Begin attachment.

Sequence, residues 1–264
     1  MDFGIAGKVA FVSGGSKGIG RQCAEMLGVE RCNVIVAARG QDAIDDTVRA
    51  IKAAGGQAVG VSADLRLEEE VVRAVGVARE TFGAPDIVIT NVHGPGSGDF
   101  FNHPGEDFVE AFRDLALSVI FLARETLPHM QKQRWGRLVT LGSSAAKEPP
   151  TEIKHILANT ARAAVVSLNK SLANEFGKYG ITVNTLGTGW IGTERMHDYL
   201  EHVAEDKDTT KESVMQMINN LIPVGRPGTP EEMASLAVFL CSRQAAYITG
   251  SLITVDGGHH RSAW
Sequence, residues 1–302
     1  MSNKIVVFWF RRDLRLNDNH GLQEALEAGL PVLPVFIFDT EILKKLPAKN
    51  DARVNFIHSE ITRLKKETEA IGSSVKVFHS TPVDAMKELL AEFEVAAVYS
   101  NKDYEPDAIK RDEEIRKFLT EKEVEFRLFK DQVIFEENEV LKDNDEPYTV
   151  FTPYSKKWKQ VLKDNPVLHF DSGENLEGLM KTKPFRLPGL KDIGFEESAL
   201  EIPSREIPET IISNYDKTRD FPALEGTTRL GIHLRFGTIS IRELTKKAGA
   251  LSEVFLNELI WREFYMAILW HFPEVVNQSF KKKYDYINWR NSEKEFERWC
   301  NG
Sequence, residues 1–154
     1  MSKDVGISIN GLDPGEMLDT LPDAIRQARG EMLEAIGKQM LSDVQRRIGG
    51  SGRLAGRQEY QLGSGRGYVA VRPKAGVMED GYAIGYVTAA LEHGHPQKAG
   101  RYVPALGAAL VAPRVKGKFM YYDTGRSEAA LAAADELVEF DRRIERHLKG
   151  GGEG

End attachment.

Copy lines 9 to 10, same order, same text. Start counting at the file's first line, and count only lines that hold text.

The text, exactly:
     1  MSNKIVVFWF RRDLRLNDNH GLQEALEAGL PVLPVFIFDT EILKKLPAKN
    51  DARVNFIHSE ITRLKKETEA IGSSVKVFHS TPVDAMKELL AEFEVAAVYS